ER stress dysregulates ER proteostasis, which activates the transcription factor, ATF6, an inducer of genes that enhance protein folding and restore proteostasis. Due to increased protein synthesis, it is possible that protein folding and, thus, ER proteostasis are challenged during cardiac myocyte growth. However, it is not known whether ATF6 is activated, and if so, what its function is during hypertrophic growth of cardiac myocytes.
Pharmacologic activation of stress-responsive signaling pathways provides a promising approach for ameliorating imbalances in proteostasis associated with diverse diseases. However, this approach has not been employed in vivo. In recent research done in the Glembotski lab, we used a mouse model of myocardial ischemia/reperfusion to show that selective pharmacologic activation of the ATF6 arm of the unfolded protein response (UPR) during reperfusion with a new drug candidate we discovered in collaboration with scientists at The Scripps Research Institute, code named 147, transcriptionally reprogrammed proteostasis, ameliorated damage and preserved heart function in mice.
One of the projects in the Glembotski lab involves identifying proteins secreted by the heart, determining what their functions are in myocardial function, as well as regenerating damaged heart tissue, and elucidating the mechanisms of their secretion.
Over the last decade, it has become clear that the accumulation of misfolded proteins contributes to a number of neurodegenerative, immune and endocrine pathologies, as well as other age-related illnesses. Recent interest has focused on the possibility that the accumulation of misfolded proteins can also contribute to cardiovascular disease. In large part, the misfolding of proteins takes place during synthesis on free ribosomes in the cytoplasm, or on endoplasmic reticulum (ER) ribosomes.
Proteins secreted by the heart are called cardiokines. After secretion, cardiokines, such as cytokines, growth promoters and stem cell homing factors, can reduce ischemic damage, as well as enhancing stem cell survival and engraftment. But ischemia impairs protein folding and secretion, and negatively impacts stem cell-mediated regeneration. However, we discovered a secretion process that resists this inhibition, enabling the release of certain beneficial cardiokines, just when they are needed the most. Studies in the Glembotski lab focus on examining the functions of, and molecular mechanisms governing this secretion process in cardiac myocytes and in cardiac stem cells. Our studies of cardiokine secretion in the ischemic heart, and secretion by cardiac stem cells will facilitate the design of therapeutic strategies aimed at enhancing the secretion of beneficial cardiokines that minimize damage and maximize regeneration.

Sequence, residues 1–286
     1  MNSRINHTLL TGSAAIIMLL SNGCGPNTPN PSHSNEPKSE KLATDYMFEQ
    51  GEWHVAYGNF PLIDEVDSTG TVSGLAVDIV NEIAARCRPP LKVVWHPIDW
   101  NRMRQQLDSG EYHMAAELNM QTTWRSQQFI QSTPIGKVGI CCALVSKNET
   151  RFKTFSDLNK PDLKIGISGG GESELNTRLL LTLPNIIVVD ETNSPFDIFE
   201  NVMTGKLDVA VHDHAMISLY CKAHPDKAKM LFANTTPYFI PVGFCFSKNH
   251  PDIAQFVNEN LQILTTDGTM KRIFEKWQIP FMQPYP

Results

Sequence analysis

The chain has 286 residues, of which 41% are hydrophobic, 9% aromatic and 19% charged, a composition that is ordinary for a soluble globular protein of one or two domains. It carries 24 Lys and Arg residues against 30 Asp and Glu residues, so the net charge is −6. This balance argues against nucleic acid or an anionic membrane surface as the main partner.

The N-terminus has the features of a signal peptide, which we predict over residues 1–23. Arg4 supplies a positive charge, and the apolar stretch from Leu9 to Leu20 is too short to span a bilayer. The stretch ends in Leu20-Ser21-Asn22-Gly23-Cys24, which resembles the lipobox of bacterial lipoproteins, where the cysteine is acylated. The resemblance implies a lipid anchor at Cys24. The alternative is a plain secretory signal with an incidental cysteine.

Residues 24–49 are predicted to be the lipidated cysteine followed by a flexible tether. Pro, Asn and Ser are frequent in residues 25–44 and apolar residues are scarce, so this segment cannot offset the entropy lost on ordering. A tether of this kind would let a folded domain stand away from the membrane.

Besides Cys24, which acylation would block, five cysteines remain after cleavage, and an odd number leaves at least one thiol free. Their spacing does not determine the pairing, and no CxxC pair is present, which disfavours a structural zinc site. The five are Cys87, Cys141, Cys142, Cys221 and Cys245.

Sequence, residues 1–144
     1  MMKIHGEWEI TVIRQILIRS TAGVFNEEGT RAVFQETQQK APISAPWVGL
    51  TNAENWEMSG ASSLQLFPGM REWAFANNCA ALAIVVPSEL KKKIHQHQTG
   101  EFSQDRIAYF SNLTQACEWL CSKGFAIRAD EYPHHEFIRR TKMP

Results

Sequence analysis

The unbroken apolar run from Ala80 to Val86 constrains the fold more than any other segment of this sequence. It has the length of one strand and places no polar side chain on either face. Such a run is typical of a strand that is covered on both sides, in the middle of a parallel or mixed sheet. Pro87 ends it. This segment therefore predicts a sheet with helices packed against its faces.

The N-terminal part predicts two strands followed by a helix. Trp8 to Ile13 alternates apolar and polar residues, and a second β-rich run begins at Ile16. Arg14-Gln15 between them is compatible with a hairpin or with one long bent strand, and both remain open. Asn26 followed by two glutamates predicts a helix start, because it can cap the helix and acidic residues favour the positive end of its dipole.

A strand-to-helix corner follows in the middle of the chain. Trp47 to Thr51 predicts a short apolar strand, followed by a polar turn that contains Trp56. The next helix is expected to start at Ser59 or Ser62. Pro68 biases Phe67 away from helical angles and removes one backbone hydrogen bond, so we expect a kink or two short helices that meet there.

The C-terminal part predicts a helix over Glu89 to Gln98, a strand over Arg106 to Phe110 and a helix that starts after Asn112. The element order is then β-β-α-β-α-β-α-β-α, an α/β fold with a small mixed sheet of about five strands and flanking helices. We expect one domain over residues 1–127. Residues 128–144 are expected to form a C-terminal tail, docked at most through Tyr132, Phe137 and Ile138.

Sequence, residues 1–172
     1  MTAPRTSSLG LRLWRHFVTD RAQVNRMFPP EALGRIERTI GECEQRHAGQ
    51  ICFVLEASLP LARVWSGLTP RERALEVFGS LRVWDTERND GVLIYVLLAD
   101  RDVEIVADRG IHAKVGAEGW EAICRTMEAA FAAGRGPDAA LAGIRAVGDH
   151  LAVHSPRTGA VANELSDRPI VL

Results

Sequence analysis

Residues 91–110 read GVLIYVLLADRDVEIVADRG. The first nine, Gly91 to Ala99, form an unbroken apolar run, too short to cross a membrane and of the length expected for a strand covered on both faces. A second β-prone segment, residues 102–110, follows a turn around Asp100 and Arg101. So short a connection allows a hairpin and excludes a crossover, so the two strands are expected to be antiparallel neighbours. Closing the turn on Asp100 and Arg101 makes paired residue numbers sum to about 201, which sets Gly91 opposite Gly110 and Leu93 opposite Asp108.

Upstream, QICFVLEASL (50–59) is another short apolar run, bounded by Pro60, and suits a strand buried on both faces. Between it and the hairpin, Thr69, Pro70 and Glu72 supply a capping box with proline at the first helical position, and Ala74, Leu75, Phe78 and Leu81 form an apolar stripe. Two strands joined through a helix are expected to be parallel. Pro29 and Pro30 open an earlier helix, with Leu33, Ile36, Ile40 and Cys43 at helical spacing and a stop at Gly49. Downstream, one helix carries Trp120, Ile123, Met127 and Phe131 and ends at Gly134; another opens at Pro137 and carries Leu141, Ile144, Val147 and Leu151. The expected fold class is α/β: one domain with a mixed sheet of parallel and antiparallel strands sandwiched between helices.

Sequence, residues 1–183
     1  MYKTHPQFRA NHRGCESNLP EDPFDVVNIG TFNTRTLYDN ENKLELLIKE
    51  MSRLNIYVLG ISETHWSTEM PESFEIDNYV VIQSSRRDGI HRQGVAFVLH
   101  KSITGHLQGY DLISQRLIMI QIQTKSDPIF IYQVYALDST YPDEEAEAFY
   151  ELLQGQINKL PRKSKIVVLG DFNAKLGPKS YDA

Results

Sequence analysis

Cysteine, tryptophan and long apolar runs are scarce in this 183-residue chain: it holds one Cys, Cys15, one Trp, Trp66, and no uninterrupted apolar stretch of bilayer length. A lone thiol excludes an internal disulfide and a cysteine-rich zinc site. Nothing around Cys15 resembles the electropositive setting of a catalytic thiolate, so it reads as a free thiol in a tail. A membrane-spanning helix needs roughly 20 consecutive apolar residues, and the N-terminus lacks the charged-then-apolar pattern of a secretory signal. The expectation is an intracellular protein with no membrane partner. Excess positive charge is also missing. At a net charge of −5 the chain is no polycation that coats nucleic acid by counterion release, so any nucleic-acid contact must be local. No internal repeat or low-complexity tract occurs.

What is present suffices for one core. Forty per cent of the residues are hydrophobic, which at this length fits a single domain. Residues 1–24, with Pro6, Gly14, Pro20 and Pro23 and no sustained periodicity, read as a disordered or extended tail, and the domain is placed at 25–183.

One of the main goals of research in the Glembotski lab is to develop prototypes of therapies that could be used as platforms for the development of novel treatments for heart disease. One such prototype involves the selective delivery of cardioprotective genes to the heart using an adenovirus-associated (AAV) gene therapy approach. In our studies of secretion, ER stress and stem cells in the heart, we have completed microarray analyses to identify mRNAs and microRNAs that are regulated in response to protective stress signaling pathways. As a result of those arrays, we have identified candidate genes that have been selected for development of prototypes for gene therapy. We have packaged the candidate genes into AAV9, a form of AAV that preferentially delivers genes to the heart. Moreover, we have engineered these genes so that their expression is regulated by cardiac-specific promoters, which further enhancing their utility and therapeutic safety. We have already shown the cardioprotective effects of several candidate genes using the AAV9 gene therapy approach, thus demonstrating the therapeutic potential of this platform for treating heart disease.
In efforts to develop novel therapies of treating heart disease, research in the Glembotski lab is focused on how to deliver cardioprotective agents to the heart without leaving a genetic footprint. One method to accomplish this is to deliver protective proteins directly to the heart using state-of-the-art protein formulation and transduction methods. One such method involves combining Tat- and Arg-9-mediated methods of protein transduction, with we identified as cardioprotective. To accomplish this, members of the lab have patented technologies for the generation of chimeric proteins so that the transduction domains are removed from the bioactive region of the proteins within cells of the heart. This approach has been used to develop a new therapeutic platform that can be applied in the future to the delivery of essentially any protective protein to any tissue of interest. Members of the Glembotski lab are encouraged to design novel therapeutic platforms, such as this, in order to optimize the application of our basic science research efforts to a therapeutic setting.